After his separation from Simone, a connection started growing between Paul and Susan Richard. Eventually their families joined. Thus Paul became a father of three, with the addition of Will and Evelyn. Shortly after this Susan became pregnant with Charlotte. Paul then finished graduating his grade 8 class and they decided to move back to Toronto so that Philip could continue attending the Waldorf High School there. 

From Ottawa to Toronto

The move back was both challenging and filled with blessing. Challenging because Paul was unable to get a teaching position at the Toronto Waldorf School. Blessing because at this time their youngest child, Beatrice, was born.

Still inspired to be a Waldorf teacher, Paul took up a position at the Halton school. However, after only a few years, the commute became too strenuous. 

Arlene Thorn, who at that time was involved in the Rudolf Steiner Centre, not only encouraged Paul more and more to take up teaching anthroposophy to adults, she was also able to find a way to help Paul and Susan financially, so that their children could finish their Waldorf education. But Arlene was not the only one sent to help Paul find his destiny. In Paul’s own words he said…

           “I got a call from Timothy Cox, who was working for the Steiner Centre at the time, asking if I would give a course on the Philosophy of Freedom.  I don’t know how he knew our group was studying that book.  Just the day before he called, I had decided on the one hand I was not free, and on the other hand I was filled to overflowing with useless knowledge.  I had put aside all my other belief systems – Plato, science Catholicism, Buddhism – I had replaced all these with a huge anthroposophical belief system, but I was still not really free in my thinking.  In a sense I had my leg over the balcony.  When Timothy asked if you would provide three mornings on the Philosophy of Freedom, I immediately said yes!  I don’t know what I was thinking!  I put the phone down and thought: “What have I done?”  So then I had to study the book intensely.  Through this work, I had an awakening.  I became aware of myself as a spiritual being.  To cut a long story short, I gave the course and became famous overnight.  Who would be so stupid to give a course on the Philosophy of Freedom? It was the book no one understood.  So that was it."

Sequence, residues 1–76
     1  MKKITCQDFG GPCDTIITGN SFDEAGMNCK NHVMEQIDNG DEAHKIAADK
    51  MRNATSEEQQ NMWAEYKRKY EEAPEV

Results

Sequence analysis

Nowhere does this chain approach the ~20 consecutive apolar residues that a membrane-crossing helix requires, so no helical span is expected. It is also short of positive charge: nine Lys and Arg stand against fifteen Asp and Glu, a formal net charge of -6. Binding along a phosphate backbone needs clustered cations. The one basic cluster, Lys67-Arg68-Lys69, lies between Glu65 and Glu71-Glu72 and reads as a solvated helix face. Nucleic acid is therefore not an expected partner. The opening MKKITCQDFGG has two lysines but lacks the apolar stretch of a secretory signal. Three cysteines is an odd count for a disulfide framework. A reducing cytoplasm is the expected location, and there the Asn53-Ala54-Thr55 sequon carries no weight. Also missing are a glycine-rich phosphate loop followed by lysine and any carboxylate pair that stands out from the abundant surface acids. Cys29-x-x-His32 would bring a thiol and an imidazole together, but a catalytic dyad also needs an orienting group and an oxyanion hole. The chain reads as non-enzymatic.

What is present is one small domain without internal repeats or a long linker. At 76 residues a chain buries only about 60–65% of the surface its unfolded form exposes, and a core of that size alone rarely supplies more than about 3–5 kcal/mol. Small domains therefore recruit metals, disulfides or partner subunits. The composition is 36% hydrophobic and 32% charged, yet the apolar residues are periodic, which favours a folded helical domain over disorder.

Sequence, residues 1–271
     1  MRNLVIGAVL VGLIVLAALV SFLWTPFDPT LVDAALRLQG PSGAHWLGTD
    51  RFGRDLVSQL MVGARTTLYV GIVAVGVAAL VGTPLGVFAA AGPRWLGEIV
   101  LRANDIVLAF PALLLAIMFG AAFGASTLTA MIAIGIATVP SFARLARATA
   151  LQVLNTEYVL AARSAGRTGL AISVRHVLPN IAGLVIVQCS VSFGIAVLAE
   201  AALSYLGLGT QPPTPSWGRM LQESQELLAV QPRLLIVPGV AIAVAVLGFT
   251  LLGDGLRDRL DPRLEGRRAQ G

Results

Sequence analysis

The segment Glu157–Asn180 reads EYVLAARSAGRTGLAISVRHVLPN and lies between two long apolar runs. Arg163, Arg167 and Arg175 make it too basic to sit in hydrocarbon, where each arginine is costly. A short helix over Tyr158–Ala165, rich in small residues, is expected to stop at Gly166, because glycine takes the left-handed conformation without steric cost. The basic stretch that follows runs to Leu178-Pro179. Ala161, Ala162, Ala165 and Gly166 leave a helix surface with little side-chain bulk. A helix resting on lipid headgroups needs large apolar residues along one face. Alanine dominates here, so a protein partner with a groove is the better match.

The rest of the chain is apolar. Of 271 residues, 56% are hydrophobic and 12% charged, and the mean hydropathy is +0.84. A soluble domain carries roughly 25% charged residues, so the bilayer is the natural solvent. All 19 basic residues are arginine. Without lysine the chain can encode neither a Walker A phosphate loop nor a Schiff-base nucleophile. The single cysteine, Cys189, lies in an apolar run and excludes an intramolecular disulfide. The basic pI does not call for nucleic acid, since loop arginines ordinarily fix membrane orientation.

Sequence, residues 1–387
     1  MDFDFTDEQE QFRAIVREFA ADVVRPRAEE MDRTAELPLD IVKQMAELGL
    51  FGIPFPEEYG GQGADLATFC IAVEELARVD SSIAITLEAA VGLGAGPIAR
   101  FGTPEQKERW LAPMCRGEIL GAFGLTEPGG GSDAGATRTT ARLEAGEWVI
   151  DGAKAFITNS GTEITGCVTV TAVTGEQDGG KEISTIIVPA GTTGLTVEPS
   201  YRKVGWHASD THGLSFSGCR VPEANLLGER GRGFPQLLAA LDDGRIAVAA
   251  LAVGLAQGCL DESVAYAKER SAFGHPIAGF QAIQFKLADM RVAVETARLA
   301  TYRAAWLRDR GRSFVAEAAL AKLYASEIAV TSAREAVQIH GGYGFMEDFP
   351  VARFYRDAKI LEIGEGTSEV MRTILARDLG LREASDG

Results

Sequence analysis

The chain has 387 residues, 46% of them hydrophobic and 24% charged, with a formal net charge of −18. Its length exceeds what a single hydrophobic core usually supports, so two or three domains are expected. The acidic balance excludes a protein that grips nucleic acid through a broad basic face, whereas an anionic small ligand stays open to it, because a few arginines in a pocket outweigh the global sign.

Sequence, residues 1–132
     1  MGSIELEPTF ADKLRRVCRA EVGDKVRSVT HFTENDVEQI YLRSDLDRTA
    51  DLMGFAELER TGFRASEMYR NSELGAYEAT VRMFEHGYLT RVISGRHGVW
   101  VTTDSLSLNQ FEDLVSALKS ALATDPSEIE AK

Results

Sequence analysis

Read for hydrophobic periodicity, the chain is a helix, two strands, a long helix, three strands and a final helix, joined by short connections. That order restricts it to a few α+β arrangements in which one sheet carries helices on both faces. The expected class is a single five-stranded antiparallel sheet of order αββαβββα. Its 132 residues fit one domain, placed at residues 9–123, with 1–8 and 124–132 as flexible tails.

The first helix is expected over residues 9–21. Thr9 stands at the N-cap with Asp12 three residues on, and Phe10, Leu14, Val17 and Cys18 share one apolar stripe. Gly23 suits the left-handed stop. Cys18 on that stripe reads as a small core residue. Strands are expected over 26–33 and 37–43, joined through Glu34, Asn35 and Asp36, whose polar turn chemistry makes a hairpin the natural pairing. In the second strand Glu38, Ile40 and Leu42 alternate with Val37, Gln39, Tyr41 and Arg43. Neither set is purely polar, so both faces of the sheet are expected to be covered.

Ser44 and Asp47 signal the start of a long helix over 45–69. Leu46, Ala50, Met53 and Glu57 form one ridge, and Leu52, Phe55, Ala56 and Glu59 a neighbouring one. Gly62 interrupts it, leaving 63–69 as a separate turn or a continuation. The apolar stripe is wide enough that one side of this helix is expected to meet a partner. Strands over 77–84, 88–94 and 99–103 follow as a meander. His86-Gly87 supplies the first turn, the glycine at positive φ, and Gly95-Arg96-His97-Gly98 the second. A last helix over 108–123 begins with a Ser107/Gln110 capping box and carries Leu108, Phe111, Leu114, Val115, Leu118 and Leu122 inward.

Foundation Studies at the RSCT

Then I began teaching adults more and more.  Wendy Brown, who had just started Foundation Studies at the Steiner Centre, asked me if I would come in one morning and talk about the Philosophy of Freedom.  So I did that.  In the following year she asked me to join the steering committee for the Foundation Studies program at the Steiner Centre.  The committee met every week to form the course.  I became a key figure in it over time.”

And this was his gift. He touched many lives. For the next 20 years, Paul would cultivate his love of anthroposophy by helping many, many individuals find a relationship to this spiritual science. Paul loved teaching: he was a true teacher. He loved anthroposophy. He was a “philosopher of freedom”.